When author Anne Fadiman first visited Merced in the late 1980s, she says more than 10,000 Hmong refugees and their children were living there. At that time, about one out of every six people living in Merced was Hmong, she says.
The hospitals were overwhelmed by the new refugee population, she recalls. Medical interpretation was not legally mandated at that time, and Merced Community Medical Center had just one Hmong interpreter. It often fell to the hospital janitor, or a family’s young child, to translate sensitive medical information to a patient.
Fadiman’s 1997 book, ‘The Spirit Catches You and You Fall Down,’ chronicles the medical and cultural conflicts that arose between one Hmong family and their daughter’s pediatricians. Reporter Rebecca Plevin interviewed Fadiman as part of ‘Homegrown,’ Valley Public Radio’s new program focusing on books about the Central Valley. Below are excerpts from the interview.
What stood out to you about Lia Lee’s story?
“Her family had been so well intentioned, and her doctors had been so well intentioned. It was clear right at the start that this was not a story with villains. Lia was a little girl with a seizure disorder and her doctors had been excellent doctors, a pair of married pediatricians who would have been my kids’ pediatricians later on when I had kids if I’d lived in Merced. Just wonderful people, but who didn’t have the cultural understanding that might have enabled them to get through to Lia’s parents, who were analogously exceptional parents - smart, devoted, just wonderful parents - but who failed to give Lia her seizure medications as prescribed, for a variety of reasons.
“So it was a story with tragedy and drama, in which the villain was cultural misunderstanding, rather than obtuseness or laziness or cruelty or any other lack of virtue on the part of any character.”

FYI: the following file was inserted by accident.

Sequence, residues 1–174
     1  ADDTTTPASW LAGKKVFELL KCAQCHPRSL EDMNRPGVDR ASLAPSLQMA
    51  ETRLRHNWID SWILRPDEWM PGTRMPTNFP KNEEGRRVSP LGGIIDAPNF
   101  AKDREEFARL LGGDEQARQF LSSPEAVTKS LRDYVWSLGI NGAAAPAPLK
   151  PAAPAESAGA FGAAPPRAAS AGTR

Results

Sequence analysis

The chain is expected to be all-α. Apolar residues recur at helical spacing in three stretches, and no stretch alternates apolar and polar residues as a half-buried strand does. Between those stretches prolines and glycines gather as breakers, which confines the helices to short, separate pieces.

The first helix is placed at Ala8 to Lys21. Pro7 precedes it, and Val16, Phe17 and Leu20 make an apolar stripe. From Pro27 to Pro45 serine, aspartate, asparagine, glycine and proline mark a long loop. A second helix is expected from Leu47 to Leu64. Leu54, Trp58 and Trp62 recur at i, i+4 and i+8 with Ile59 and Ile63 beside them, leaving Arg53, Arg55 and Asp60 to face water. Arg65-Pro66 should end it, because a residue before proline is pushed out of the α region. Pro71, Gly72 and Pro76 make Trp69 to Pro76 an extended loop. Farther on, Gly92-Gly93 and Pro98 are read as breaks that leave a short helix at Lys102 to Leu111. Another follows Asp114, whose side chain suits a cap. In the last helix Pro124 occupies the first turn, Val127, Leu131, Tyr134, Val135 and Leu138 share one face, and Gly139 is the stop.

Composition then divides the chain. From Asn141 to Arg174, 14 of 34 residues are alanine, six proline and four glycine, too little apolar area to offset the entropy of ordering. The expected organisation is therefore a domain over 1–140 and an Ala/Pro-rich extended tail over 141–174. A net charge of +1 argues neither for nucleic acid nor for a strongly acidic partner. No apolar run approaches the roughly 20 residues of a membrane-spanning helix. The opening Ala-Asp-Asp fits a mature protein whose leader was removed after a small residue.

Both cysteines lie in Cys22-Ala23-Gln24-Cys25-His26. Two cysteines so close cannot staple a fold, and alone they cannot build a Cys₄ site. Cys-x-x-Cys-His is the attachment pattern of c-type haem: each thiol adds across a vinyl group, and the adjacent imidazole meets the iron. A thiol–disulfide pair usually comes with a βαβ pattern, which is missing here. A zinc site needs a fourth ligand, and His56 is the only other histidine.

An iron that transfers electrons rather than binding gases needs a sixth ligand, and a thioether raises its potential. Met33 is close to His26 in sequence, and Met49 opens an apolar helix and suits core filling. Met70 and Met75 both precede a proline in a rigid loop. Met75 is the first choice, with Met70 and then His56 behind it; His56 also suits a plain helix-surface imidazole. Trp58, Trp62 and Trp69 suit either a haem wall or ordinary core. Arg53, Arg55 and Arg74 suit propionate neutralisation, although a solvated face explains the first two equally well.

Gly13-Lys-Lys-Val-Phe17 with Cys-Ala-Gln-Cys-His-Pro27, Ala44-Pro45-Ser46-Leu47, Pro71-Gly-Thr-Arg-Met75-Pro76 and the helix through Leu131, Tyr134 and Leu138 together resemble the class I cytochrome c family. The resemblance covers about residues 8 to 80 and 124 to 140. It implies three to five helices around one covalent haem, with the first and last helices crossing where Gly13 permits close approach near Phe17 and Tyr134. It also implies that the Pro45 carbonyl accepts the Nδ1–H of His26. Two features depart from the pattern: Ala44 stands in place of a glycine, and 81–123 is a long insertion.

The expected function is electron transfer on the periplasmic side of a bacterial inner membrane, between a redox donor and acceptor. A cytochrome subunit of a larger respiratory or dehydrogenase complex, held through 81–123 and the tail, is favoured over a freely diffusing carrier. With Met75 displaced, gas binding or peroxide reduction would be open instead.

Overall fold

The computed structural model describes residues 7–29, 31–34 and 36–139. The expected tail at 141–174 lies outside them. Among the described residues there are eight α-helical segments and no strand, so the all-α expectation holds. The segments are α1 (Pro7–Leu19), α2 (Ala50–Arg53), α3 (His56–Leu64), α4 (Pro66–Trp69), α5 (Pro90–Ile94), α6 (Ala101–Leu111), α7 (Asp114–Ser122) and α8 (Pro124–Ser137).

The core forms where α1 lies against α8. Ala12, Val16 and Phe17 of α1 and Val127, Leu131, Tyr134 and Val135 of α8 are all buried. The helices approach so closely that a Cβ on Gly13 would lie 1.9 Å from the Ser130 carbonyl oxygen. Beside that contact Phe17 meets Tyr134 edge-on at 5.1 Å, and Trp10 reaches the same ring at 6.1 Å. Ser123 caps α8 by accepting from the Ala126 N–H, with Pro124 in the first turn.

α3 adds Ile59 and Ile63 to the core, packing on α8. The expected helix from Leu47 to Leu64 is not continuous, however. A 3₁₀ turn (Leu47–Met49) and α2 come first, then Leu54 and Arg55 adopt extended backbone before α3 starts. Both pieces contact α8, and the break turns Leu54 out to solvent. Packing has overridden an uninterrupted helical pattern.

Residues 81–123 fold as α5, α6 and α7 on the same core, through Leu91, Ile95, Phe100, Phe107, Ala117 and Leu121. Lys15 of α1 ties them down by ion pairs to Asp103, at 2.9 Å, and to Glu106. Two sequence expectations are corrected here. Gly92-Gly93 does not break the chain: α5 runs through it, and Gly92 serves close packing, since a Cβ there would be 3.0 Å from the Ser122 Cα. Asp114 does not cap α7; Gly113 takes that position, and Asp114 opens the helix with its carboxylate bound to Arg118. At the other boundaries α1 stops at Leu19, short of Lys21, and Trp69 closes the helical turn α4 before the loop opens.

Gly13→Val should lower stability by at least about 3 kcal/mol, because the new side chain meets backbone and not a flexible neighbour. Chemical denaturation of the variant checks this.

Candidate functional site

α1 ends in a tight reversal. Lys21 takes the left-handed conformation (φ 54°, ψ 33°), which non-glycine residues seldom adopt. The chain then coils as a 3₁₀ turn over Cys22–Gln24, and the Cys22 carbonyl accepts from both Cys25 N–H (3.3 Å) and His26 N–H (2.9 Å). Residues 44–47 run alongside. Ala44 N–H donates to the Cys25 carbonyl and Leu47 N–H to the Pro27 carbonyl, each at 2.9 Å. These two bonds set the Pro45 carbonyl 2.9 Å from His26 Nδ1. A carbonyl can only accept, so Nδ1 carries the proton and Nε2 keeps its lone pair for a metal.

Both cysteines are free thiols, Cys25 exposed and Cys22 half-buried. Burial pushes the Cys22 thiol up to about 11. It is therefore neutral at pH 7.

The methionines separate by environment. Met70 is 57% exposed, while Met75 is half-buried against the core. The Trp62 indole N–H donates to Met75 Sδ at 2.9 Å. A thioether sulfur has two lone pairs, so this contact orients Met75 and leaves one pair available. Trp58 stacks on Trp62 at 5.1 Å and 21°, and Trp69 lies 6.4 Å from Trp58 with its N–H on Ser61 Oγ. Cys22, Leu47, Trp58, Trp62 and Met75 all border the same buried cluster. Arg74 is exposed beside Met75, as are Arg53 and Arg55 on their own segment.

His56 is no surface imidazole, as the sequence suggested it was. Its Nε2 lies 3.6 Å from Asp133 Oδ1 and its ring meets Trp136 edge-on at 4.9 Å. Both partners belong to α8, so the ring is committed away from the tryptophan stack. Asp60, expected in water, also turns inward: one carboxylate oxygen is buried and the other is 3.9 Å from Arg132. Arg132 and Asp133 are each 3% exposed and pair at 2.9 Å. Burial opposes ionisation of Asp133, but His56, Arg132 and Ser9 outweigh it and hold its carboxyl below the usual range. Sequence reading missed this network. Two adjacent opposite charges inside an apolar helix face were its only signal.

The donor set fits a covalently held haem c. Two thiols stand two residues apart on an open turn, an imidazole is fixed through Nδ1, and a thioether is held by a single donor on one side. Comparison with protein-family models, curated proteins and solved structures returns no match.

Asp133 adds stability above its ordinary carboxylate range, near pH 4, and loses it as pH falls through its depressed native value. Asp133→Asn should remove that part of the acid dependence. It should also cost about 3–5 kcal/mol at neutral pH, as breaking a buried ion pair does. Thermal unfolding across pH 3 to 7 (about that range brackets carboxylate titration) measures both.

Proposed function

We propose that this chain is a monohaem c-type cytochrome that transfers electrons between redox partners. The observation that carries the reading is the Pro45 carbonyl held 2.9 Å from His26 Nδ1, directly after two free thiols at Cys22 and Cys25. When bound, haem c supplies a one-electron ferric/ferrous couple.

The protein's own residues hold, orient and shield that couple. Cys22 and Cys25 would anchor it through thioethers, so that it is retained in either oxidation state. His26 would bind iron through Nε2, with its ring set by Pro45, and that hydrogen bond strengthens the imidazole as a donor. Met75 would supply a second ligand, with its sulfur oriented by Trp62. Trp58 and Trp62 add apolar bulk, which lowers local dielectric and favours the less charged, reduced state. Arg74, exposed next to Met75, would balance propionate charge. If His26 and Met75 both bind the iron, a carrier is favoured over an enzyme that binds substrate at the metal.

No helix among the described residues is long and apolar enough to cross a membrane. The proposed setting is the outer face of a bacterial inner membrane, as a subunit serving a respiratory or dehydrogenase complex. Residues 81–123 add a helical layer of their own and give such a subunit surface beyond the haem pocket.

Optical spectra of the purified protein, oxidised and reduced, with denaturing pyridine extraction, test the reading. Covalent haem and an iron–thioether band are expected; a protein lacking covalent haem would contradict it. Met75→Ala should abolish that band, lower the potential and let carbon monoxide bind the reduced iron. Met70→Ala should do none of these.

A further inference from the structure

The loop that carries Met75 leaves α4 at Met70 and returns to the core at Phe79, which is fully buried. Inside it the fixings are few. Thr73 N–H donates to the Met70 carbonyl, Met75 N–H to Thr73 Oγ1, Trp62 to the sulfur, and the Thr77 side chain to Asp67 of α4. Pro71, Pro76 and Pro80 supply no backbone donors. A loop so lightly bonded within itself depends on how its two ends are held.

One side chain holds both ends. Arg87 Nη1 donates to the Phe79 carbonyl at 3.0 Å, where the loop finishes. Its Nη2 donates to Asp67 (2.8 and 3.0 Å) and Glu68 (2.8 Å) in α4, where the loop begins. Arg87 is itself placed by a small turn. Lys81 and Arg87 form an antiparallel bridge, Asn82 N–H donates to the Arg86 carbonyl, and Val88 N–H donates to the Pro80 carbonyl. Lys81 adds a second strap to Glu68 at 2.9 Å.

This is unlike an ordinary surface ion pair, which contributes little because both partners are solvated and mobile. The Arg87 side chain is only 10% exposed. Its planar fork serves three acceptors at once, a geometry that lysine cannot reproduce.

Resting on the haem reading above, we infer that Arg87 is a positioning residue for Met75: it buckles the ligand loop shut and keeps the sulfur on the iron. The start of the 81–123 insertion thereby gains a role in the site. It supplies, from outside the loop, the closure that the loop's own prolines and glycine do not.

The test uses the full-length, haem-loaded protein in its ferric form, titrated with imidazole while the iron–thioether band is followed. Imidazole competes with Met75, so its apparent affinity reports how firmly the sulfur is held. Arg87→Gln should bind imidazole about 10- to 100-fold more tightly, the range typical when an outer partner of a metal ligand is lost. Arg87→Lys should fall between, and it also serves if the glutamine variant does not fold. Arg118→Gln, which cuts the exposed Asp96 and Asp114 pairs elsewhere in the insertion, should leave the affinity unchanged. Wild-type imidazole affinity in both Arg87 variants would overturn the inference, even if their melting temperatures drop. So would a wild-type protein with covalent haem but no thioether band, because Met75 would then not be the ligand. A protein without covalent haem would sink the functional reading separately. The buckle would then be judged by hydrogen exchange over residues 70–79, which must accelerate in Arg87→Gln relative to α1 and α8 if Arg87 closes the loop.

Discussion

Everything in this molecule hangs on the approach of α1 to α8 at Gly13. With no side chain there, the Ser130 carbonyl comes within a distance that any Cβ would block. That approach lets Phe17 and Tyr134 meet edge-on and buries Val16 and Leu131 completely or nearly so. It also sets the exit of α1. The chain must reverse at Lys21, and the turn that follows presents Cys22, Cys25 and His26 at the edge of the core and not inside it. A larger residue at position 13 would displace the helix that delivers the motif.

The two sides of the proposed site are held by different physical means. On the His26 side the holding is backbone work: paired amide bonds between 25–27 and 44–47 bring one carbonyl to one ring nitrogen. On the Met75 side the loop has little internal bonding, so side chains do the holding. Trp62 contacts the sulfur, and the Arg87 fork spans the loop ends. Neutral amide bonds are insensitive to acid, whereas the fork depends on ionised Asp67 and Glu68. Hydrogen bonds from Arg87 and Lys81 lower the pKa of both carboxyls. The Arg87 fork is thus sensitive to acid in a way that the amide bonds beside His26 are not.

Are you surprised that this book has resonated so far beyond the Central Valley?
“Yes, I have never ceased being surprised. I spent almost nine years writing this book, and there were times during that period where I really thought I was a lunatic. Who was going to want to read a book about an epileptic Hmong toddler? But I think the book has ended up resonating because people are interested in cross-cultural issues, they’re interested in medical issues, and I also think that Lia’s family and her doctors are compelling people.
“I think that the sense the book gave of being inside this family, that originally seemed strange - readers might originally say, ‘Oh gosh, the Hmong , where are they from, do they sacrifice animals, and do they really do this and do they really do that?’ And they really did do all of those things, and yet they weren’t strange at all. I really think that maybe it was the making the strange familiar that made the book resonate. I think people cared about Lia because she was someone worth caring about.”
When did you last see the Lia and the Lee family?
“A little less than a year ago, Lia finally died at the age of 30. She’d been in a vegetative state since the age of 4 and I’d just like to point out how extraordinary it is that her family was able to keep her alive, at home, never institutionalizing her, for that long. It’s truly a medical miracle that I think can only be explained by her family’s love. Nothing else could possibly have kept her alive for that long. But she finally did die of pneumonia at the end of last August.”
What role did Lia play in her family?
“I can never explain the role that Lia served in that family. She spent 26 years in a vegetative state, she was so hard to take care of, but she was so loved, she was a kind of gravitational center around which the family orbited. I’m not sure the family will ever recover from her death, and it’s impossible to explain, unless you’ve been in that living room, with the family, when she was alive, and seen the love radiating from everyone in her direction.”